The Mediterranean diet cuts women’s odds of heart disease and premature death by nearly 25%

By Alan Mozes HealthDay Reporter

(Health day)

WEDNESDAY, March 15, 2023 (HealthDay News) — Avoiding red meat, dairy and processed foods in favor of vegetables, fruit, nuts, extra virgin olive oil and whole grains will benefit to the heart of a woman, shows a new review.

How much good? Australian researchers concluded that women who more closely followed the Mediterranean diet, which also includes legumes, fish and shellfish, and moderate amounts of wine, appeared to reduce their long-term risk of heart disease and premature death by nearly 25 percent, compared to compared to women who did not

Although she was not involved in the analysis, Connie Diekman, a food and nutrition consultant and former president of the Academy of Nutrition and Dietetics, said the finding was “not surprising.”

For one thing, Diekman noted that “studies continue to show the benefit of a plant-based eating plan in reducing inflammation, a likely contributor to disease development. In addition, limited intake of saturated fats (found predominantly in animal foods) and consumption of unsaturated fats (found in higher amounts in plants) appear to be related to blood levels of LDL cholesterol (the ‘bad’ cholesterol) and HDL cholesterol (the ‘good’ cholesterol).”

Diekman added that previous research has also shown that using olive oil and nuts that are high in unsaturated fat, both key foods in the Mediterranean diet, can help reduce the risk of heart disease.

Dr. Gregg Fonarow is director of the Ahmanson-UCLA Cardiomyopathy Center, co-director of the UCLA Preventive Cardiology Program, and acting chief of the division of cardiology at the University of California, Los Angeles.

Although he was also not involved in the review, Fonarow said that “the magnitude of the [25%] the benefit was similar to what has been previously reported for the general population.”

Fonarow also pointed to several other reasons such a diet might protect the heart, including its ability to improve insulin sensitivity; its antioxidant properties; and its “favorable impact on the microbiome [gut] this can translate into a lower risk of cardiovascular events.”

The research team was led by Anushriya Pant, a PhD candidate at the Westmead Center for Applied Research at the University of Sydney in Australia.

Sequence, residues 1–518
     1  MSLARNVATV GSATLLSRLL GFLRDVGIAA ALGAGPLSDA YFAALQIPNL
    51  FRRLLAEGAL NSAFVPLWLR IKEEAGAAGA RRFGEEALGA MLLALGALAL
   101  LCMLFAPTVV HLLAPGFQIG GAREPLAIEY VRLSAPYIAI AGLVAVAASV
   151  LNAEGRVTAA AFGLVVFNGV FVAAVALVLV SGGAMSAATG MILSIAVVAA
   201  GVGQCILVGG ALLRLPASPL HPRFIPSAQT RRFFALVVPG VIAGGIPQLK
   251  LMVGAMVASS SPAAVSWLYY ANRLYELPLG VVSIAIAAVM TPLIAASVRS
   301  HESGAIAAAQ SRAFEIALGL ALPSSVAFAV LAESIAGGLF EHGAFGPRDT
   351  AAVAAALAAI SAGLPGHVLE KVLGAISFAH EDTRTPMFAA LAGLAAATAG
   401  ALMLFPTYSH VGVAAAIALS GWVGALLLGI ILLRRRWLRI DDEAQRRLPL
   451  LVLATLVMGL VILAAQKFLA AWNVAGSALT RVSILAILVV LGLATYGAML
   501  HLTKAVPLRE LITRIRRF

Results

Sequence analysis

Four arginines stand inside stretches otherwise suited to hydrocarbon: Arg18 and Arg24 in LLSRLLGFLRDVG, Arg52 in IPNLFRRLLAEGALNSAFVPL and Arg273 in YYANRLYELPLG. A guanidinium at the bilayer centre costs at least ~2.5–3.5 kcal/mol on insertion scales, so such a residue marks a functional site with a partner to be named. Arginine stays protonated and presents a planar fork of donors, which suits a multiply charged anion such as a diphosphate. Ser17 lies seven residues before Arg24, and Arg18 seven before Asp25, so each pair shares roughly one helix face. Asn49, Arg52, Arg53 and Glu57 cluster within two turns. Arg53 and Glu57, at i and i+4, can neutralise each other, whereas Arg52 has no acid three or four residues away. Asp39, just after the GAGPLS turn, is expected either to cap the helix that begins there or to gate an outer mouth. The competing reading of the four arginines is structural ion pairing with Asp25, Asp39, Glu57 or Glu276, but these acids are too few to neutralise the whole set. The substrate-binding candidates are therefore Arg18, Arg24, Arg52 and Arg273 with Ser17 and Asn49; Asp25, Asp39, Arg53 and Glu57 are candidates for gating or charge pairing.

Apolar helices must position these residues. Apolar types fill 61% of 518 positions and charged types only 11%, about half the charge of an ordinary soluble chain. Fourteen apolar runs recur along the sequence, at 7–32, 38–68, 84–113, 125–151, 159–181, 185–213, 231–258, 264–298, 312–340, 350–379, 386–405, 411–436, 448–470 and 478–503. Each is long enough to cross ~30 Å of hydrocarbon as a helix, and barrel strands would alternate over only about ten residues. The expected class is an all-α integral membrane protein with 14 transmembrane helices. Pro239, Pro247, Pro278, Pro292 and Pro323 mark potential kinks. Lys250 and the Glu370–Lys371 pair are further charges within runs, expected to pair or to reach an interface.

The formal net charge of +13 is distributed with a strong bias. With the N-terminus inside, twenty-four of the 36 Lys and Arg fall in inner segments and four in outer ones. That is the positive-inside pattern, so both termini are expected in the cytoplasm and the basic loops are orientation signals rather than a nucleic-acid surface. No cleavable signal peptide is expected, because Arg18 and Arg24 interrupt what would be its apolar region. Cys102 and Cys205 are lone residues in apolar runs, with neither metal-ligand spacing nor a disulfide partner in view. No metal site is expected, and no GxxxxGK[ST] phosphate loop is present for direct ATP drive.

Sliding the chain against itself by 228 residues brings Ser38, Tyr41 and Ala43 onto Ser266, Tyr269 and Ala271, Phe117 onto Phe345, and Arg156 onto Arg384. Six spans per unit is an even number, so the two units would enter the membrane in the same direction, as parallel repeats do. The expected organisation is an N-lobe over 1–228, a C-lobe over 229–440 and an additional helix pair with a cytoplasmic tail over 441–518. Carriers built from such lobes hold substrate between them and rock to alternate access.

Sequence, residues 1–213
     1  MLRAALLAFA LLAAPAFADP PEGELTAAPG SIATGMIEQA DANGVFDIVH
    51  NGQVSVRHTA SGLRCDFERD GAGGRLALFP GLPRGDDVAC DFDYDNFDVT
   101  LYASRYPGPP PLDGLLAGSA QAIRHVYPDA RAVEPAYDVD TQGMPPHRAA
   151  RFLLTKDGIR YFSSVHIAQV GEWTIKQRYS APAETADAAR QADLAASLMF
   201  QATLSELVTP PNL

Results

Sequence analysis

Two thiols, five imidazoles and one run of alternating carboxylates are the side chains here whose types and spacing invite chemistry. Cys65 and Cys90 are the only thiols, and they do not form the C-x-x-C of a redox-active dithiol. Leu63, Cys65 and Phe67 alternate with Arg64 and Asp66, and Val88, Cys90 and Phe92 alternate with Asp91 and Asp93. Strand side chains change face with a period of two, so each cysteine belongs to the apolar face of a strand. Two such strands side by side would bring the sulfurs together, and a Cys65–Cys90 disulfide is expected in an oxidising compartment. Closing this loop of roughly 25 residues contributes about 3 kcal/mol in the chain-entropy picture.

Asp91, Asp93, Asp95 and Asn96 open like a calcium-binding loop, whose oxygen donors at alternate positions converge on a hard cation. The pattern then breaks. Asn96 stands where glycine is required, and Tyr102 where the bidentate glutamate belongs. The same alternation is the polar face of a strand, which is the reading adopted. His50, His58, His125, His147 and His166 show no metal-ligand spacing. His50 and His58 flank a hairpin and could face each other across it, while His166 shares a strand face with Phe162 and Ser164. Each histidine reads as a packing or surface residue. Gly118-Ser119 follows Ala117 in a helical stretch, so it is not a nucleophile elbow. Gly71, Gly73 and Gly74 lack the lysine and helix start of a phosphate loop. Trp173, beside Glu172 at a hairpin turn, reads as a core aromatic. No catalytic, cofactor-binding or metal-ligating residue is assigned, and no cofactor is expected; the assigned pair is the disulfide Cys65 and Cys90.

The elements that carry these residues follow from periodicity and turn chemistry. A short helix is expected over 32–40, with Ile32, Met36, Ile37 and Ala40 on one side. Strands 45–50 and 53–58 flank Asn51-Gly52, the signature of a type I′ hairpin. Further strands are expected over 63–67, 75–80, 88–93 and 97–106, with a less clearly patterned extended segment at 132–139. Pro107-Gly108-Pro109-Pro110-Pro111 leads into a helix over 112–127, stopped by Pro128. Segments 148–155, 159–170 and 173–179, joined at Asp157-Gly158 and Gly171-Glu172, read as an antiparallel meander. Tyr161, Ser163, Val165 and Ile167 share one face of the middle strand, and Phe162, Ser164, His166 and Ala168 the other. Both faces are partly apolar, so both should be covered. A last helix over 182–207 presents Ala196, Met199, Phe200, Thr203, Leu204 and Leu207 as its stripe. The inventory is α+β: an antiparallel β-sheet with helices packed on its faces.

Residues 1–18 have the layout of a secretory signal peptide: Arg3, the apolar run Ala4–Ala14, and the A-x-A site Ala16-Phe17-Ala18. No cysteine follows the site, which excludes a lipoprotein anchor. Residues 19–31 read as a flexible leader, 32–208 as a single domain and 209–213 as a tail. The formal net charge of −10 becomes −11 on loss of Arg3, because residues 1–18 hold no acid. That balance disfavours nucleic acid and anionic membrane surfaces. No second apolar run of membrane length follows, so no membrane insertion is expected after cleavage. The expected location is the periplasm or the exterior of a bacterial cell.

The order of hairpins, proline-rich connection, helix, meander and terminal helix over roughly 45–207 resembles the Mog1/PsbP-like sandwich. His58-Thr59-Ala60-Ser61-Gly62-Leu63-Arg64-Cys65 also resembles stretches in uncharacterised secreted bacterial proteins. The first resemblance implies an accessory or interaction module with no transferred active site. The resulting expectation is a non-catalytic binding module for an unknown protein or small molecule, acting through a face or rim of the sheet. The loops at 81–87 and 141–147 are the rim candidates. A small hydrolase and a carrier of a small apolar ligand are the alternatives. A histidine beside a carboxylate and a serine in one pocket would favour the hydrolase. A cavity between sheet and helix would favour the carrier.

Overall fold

Pant’s team pointed out that heart disease is the leading cause of about 35 percent of all deaths in women worldwide.

In the review, the researchers looked at a total of 16 studies, all of which were completed between 2003 and 2021.

Thirteen of the studies had been conducted in Europe or the United States. Collectively, they weighed the potential heart health benefit of the Mediterranean diet among more than 722,000 adult women.

None of the women had signs of heart disease when the studies began. The onset of heart disease was followed for an average of nearly 13 years, during which time the participants also reported their dietary habits.

After reviewing all the studies, Pant’s team noted that they could not establish a statistically significant benefit in terms of the diet’s ability to reduce stroke risk, perhaps because many of the studies failed to explore this potential link.

However, the team found that those women who followed a Mediterranean diet more closely appeared to have a 24% lower risk of heart disease and a 23% lower risk of dying from any disease, compared to women whose eating habits were less in alignment.

The findings were published online March 14 in the journal Heart.

Diekman added that the uniqueness of the finding “is that the authors chose to focus on women,” given that more often the focus has been on men.

Still, Diekman cautioned that all of the studies under review were “observational,” meaning they relied on the participants to report what they ate, without asking any of them to change their eating habits in any way.

That means “the included studies were not designed to demonstrate cause and effect” and do not prove that following a Mediterranean diet will limit heart risk over time, he explained.

Still, Fonarow noted that the findings have already “contributed to nutritional and dietary guidelines for recommending the Mediterranean diet” for both men and women.

SOURCES: Gregg Fonarow, MD, director, Ahmanson-UCLA Cardiomyopathy Center, co-director, UCLA Preventive Cardiology Program and co-director, UCLA division of cardiology, Los Angeles; Connie Diekman, RD, food and nutrition consultant and past president of the Academy of Nutrition and Dietetics; Heart, March 14, 2023, online

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